By Micaela Ricaforte, guest writer
On Jan. 26, the Center for Diversity, Equity, and Inclusive Excellence hosted a workshop and luncheon for students, faculty and staff seeking to open up dialogue about diversity on campus.
Faculty Support Director Stephanie Fenwick, Ed. D., and Office of Women’s Development Director Elaine Richardson, Psy, D., led the workshop in a discussion about microaggressions and the impact on the APU learning community. They spoke to an audience of about 50 students, faculty and staff members in an effort to facilitate a conversation about what APU can do to stop acts of microaggression and to bring solidarity on campus.
“We want you to imagine what it would be like for us as a community to come together to learn and have some authentic conversations with those who are different than we are, because that is where it all comes together,” Richardson said. “Until the conversation becomes authentic and you decide that this is [our] responsibility, it won’t change, and we are a community that is growing, changing, and learning together.”
Fenwick and Richardson gave information on microaggression during their presentation at the beginning of the workshop. A microaggression is an indirect, subtle or unintentional act of discrimination toward a member of a marginalized group. Microaggressions can be non-verbal insults or subtle biases based on race, gender, class, sexuality or physical ability. A person experiencing a microaggression often feels that they cannot confront the issue because it was subtle or unintentional.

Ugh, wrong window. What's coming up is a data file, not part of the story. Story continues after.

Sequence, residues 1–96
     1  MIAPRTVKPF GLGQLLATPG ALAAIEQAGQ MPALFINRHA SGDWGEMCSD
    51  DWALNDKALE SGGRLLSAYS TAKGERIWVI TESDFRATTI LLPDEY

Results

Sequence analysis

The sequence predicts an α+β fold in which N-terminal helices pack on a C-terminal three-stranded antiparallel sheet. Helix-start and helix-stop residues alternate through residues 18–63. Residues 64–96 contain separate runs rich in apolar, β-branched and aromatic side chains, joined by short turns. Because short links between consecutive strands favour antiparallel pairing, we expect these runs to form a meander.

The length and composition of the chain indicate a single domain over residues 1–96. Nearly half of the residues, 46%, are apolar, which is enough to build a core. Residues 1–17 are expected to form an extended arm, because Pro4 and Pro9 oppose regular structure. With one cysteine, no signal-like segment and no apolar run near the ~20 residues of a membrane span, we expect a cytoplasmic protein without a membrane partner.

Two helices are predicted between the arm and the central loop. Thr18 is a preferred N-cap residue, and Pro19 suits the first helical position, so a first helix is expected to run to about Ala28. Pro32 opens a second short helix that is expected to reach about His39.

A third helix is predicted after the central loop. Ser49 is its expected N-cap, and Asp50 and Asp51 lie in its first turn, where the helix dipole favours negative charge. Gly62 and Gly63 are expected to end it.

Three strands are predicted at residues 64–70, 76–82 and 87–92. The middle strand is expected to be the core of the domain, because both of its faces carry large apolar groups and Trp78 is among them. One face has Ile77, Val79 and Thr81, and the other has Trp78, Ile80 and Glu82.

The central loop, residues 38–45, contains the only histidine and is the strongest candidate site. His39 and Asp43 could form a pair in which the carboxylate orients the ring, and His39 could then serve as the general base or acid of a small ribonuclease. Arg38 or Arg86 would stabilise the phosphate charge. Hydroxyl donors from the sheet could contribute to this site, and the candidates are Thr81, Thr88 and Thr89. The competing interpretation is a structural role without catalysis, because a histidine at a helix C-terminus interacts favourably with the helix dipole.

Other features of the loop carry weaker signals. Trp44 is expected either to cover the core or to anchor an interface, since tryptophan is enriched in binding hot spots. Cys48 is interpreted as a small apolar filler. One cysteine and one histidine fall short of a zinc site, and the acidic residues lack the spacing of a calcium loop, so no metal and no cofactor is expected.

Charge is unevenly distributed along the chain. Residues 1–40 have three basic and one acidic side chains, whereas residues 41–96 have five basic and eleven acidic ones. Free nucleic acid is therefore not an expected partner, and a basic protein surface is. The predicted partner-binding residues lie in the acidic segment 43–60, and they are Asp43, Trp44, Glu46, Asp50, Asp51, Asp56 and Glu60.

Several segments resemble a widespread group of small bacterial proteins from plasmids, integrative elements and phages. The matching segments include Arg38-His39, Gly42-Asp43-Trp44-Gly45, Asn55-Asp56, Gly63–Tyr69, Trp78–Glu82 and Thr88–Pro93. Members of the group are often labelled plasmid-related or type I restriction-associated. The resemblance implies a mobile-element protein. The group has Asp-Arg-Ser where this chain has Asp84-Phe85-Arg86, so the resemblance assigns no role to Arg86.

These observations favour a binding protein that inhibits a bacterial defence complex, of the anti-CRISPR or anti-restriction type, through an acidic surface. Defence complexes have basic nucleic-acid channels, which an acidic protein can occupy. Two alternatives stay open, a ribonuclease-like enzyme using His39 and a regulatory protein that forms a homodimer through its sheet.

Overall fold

Though the concept is not new, the term has gained popularity in recent years after Derald Wing Sue, a professor at Columbia University, published a book called “Microaggressions in Everyday Life: Race, Gender, and Sexual Orientation.” After the presentation, Fenwick and Richardson played a clip from a PBS News Hour Series “Race Matters” featuring an interview with Sue, to further explain microaggression and insidious bias.
“The word ‘microaggression’ is much more prevalent in the news today,” Fenwick said. “It’s such a timely topic. This conversation is critical in higher education. We see potential for this conversation to foster trust in our environment.”
Stephanie Fitch, a career consultant at the Center for Career and Calling, advises people to correct microaggressions in a kind manner instead of calling out the mistake.
“Just to be a voice for the person [who is being discriminated against] – it means something.” Fitch said.
She suggests that it is more effective to ask a clarifying question that brings attention to the injustice of the question.
“If you are experiencing a microaggression or you see it happening to someone else and not addressing it, hoarding your feelings can create self-hatred,” Al Rivera, a graduate student in the College Counseling and Student Development department, said. “I think as a country we like to say we’ve become colorblind, but that is not the case for minorities; racism and microaggressions are still experienced frequently by minorities. Creating situations like this where we can talk and people from all backgrounds can share experiences opens our minds.”
The Center for Diversity, Equity, and Inclusive Excellence has planned a wide variety of events this semester where APU community members can continue the conversation and share their experiences.
Their next event will be on the topic of supporting under-represented first generation students on Wednesday, Feb. 8 from 3:30-5 pm in Wilden Hall, Room 119. For more information, please visit their website at apu.edu/cdeie.